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Titanic mission green-lit – but strictly look don’t touch

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Wreck of the Titanic
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The US government has officially reversed its decision to block an expedition to the Titanic, after the company that owns all salvage rights to the shipwreck agreed to reduce the mission’s scope to no more than a survey.

Last year Georgia-based RMS Titanic (RMST), with approval from the judge who oversees its activities, had announced plans not only to capture images from inside the hull but to retrieve items from the interior – specifically the historic Marconi radio-room – and from the debris field. The government had countermanded that project.

The expedition will now go ahead in the middle of this month (July) but will be restricted to external image capture of the Titanic using ROVs.

RMST adjusted its plans following the death of its underwater research director Paul-Henri Nargeolet, who was one of the passengers on OceanGate’s Titan submersible near the Titanic site in June.

RMST acquired Titanic salvage rights in 1994 and, by the time of its last expedition in 2010, had removed some 5,500 items from the wreck to display in its exhibitions, mainly in the USA. 

Treated as a grave-site

More than 1,500 people died when the liner struck an iceberg and sank in 1912, but it was only in 2017 that further disturbance of the wreck was prevented by US federal law and a pact with the UK that determined to treat it as a grave-site.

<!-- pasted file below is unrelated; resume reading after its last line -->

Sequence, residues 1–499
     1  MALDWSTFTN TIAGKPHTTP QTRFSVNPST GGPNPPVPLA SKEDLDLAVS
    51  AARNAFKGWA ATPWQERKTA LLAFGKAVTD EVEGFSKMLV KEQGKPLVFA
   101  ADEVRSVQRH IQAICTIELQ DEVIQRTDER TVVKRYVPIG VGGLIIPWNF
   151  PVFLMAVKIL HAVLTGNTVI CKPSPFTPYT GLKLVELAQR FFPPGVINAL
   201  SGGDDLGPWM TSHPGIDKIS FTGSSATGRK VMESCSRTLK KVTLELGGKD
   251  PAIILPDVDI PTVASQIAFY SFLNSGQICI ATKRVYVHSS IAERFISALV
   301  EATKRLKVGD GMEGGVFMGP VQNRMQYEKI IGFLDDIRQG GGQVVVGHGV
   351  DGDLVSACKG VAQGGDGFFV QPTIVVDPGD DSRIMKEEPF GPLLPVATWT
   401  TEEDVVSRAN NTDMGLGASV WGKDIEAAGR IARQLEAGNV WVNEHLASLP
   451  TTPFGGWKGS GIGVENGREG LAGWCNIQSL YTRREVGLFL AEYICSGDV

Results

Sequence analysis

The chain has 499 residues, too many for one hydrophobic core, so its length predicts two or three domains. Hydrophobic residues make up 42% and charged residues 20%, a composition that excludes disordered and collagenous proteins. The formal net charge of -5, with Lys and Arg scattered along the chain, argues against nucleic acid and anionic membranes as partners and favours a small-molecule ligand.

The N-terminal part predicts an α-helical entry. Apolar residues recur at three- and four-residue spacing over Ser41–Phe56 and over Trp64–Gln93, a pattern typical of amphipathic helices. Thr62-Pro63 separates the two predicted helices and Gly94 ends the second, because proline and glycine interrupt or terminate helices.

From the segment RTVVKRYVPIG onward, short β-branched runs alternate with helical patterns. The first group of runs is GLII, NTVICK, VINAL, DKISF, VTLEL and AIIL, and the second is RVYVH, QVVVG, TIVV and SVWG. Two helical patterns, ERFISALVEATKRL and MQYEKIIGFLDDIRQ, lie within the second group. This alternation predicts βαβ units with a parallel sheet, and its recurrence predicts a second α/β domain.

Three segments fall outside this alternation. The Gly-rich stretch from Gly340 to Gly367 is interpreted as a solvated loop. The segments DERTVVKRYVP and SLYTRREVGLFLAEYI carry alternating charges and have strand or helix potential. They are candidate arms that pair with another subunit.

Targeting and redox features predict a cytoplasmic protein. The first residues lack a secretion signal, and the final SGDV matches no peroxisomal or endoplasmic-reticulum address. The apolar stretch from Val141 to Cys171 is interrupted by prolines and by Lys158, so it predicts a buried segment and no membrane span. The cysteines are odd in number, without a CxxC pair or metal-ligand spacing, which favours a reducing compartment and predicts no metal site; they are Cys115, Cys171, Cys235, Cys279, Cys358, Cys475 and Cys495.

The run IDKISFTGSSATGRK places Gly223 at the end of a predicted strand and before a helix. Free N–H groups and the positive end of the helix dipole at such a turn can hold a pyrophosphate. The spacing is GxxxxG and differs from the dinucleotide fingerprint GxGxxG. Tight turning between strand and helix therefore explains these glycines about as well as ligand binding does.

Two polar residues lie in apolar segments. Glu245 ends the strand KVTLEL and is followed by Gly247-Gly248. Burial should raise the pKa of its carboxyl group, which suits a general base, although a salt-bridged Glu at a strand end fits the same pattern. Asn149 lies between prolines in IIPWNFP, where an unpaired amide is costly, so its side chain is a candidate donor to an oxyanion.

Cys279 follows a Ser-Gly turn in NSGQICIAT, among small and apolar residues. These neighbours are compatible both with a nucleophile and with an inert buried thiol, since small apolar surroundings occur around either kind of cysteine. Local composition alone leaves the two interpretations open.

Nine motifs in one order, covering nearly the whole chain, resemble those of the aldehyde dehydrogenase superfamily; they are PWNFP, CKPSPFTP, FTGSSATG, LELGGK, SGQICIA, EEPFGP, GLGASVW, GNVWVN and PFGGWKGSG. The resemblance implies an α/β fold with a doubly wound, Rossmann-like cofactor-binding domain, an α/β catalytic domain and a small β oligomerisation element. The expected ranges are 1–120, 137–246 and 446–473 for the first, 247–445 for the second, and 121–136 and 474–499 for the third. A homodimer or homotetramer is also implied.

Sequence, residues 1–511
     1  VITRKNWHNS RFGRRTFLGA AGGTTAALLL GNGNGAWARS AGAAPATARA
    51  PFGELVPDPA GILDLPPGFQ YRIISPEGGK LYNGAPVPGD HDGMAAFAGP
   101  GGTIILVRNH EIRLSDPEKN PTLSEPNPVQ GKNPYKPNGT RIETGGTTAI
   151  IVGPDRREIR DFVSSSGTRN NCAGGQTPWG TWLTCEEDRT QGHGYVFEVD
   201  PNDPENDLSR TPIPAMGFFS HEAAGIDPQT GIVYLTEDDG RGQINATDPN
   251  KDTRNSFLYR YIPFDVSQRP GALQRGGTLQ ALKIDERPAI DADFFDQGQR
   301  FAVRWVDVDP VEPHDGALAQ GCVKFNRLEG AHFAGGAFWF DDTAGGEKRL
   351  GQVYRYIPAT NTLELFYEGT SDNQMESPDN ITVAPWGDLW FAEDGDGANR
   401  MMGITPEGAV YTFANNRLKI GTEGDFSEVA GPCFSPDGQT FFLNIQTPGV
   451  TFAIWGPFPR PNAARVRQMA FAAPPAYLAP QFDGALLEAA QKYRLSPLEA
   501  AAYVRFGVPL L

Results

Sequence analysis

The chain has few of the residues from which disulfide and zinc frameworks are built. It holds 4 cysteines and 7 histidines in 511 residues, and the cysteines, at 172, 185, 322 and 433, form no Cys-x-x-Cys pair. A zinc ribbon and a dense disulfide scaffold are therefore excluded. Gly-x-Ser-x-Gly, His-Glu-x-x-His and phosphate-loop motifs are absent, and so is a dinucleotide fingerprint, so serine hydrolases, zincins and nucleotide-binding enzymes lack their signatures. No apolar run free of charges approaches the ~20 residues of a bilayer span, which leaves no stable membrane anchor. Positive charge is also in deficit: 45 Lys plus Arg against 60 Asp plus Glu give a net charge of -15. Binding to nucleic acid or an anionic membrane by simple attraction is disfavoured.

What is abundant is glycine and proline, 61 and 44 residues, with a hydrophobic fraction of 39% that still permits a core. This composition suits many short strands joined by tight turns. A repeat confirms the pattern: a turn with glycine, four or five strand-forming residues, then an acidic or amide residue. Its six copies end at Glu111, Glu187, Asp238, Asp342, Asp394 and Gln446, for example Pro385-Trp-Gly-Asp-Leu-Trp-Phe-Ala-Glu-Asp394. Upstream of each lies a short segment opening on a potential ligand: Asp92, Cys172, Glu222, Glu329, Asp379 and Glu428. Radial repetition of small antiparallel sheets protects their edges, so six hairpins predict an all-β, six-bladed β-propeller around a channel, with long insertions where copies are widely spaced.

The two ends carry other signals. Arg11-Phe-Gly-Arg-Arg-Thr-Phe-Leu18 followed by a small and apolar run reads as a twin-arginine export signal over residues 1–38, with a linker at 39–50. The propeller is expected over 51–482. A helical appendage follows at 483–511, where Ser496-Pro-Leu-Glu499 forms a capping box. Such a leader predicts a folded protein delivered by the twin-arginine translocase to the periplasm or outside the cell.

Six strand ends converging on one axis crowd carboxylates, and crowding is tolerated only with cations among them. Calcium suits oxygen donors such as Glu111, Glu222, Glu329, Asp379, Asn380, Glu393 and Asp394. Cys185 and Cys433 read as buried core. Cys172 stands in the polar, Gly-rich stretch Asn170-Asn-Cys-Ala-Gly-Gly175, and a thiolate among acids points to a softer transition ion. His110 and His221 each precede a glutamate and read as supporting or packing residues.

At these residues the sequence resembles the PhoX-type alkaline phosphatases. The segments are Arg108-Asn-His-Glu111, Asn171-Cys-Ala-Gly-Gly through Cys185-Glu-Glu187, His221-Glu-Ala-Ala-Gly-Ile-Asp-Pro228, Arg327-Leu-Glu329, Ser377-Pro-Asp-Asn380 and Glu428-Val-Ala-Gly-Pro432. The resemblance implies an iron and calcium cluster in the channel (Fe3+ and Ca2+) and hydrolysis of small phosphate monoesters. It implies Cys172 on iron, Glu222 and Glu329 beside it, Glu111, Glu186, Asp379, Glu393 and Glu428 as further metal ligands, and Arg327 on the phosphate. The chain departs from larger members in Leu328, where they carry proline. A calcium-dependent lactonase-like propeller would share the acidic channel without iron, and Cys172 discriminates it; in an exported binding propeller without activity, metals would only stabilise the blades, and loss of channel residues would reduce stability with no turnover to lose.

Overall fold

The planned expedition would originally have tested this protection and caused the US court to file a legal challenge  last August.

And in its recently published ruling about the July expedition, the government has reiterated that its preventative approach will still apply to any future attempts to retrieve objects, whether from within the Titanic wreck or its debris field.

“This expedition will utilise cutting-edge technology to focus on imaging and high-resolution photography of the site to preserve the Titanic’s legacy for future generations and scientific study,” says RMST of its upcoming venture. “It will be carried out by ROVs to survey the wreck-site and debris field.

“The images captured will reveal important new insights into the condition of the site, areas and artefacts at risk, and contribute to ongoing conservation efforts and educational initiatives already underway.”

Also read: Legendary shipwreck of RMS Titanic ‘returning to nature’, Ship that sent iceberg warning to Titanic found in Irish Sea, Viral dive-log faked: Titan divers had no warning, Titan sub debris recovered from seabed

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